Inmate Unemployment Fraud Ring Found in California

It’s one thing for someone to file for unemployment when they are living in freedom, but it takes it to a whole new level when people in jail claim they deserve unemployment. In fact, filing for unemployment while you are incarcerated is a crime in California.

But that just happened last week. 21 people in Northern California were part of a fraud ring that stole close to $250,000 by submitting fraudulent claims for unemployment using jailed inmates’ names.

The ring, which operated out of San Mateo County jail, was identified when prison officers overheard inmates talking about fraudulent claims that were filed.

Claims Were Filed in June and July

The ring allegedly filed 16 fraudulent claims for 21 people who are or were in jail between June 9 and July 30 – at the height of the unemployment fraud crisis here in the US.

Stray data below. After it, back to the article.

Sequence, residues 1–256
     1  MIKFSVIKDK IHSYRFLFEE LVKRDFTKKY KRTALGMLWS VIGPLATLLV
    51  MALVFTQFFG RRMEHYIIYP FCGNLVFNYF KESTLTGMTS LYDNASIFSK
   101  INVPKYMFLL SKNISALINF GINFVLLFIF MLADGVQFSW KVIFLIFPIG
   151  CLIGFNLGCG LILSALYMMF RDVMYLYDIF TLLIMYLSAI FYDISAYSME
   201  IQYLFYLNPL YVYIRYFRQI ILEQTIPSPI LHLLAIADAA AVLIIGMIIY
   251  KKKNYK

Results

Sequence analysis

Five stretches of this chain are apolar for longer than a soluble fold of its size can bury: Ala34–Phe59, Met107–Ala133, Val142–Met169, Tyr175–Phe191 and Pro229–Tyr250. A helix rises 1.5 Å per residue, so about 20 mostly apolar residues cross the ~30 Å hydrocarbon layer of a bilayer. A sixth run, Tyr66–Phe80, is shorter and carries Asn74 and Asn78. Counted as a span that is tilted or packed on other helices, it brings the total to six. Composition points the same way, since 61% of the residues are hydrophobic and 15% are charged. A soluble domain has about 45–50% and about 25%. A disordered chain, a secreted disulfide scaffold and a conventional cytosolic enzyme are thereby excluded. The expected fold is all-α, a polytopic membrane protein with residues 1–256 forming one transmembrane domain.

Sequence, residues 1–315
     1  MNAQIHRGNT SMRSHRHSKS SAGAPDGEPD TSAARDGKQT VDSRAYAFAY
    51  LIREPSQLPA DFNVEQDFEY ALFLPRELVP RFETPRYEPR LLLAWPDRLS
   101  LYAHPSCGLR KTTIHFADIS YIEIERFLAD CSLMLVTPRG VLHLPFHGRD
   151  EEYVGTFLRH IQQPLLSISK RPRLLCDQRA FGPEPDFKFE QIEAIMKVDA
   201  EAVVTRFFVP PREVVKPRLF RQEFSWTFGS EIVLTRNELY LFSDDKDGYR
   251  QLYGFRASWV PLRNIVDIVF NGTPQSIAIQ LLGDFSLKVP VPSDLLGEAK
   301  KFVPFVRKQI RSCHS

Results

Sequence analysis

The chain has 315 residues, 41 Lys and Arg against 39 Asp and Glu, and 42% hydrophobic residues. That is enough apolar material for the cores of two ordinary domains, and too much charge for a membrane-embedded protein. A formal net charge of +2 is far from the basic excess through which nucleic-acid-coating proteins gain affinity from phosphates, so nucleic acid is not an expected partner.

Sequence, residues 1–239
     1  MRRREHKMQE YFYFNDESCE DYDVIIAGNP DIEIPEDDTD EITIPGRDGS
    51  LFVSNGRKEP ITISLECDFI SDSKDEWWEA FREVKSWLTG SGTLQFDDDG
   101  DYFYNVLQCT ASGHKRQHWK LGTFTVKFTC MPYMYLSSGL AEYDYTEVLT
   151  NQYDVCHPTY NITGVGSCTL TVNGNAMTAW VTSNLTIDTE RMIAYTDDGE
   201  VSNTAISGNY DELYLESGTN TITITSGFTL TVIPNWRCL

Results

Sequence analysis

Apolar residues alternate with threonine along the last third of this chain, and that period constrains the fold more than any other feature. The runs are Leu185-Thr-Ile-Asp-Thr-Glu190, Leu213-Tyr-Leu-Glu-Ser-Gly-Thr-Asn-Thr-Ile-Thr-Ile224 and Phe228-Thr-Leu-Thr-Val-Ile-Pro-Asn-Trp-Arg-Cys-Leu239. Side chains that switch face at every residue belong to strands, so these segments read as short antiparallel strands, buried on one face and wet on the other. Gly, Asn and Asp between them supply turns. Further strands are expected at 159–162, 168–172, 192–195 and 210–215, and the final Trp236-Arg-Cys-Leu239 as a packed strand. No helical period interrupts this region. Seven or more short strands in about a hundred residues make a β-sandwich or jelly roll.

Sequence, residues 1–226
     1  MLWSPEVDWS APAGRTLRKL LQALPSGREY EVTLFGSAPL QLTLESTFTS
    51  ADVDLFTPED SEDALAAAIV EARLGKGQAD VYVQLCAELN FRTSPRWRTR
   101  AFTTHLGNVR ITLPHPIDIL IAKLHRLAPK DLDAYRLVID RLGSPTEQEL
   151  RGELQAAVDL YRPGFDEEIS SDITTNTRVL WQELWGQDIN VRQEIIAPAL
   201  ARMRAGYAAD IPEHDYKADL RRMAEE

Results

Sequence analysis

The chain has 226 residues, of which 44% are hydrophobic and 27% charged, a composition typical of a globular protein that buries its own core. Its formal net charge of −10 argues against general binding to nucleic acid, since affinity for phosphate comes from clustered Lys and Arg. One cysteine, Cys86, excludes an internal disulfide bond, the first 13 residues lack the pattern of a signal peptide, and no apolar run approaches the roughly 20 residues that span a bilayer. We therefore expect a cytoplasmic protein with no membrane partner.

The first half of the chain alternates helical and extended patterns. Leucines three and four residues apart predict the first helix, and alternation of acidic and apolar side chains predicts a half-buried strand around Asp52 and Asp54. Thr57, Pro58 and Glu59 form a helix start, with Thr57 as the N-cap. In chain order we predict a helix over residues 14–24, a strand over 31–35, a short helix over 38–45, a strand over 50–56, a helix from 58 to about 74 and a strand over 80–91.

Those claims resulted in payouts of over $250,000 and the felony charges they face – conspiracy to commit fraud could carry a maximum penalty of three years in prison.

Many of those stolen funds are being recovered. On August 15th, the San Mateo County Sheriff’s Gang Task Force Unit and various police departments in Northern California began issuing search and arrest warrants for people connected to the fraud ring. While executing those warrants, $150,000 in cash was recovered.

They Used Ipads and Telephones To File Claims

Inmates filed those unemployment claims in some cases using county-issued iPads provided in jail. Others provided their person information via telephone to people outside of jail who would then file the claims on their behalf.

The money was often sent to friends or family members of the inmates and the funds were held by them, or deposited into banks accounts.

Just Scratching the Surface

Authorities believe that they have just scratched the surface however. “We’re probably going to find many, many more”, said Stephen Wastaffee, The San Mateo District Attorney prosecuting the case. I think we’re just at the beginning of finding out the extent of fraud,” Mr. Wagstaffe said. “I can’t believe that California is unique. In the end, how much fraud occurred by prisoners who were locked up?”.

The Sheriff’s Department notified the EDD in California to ensure that no further fraudulent claims were filed on behalf of inmates.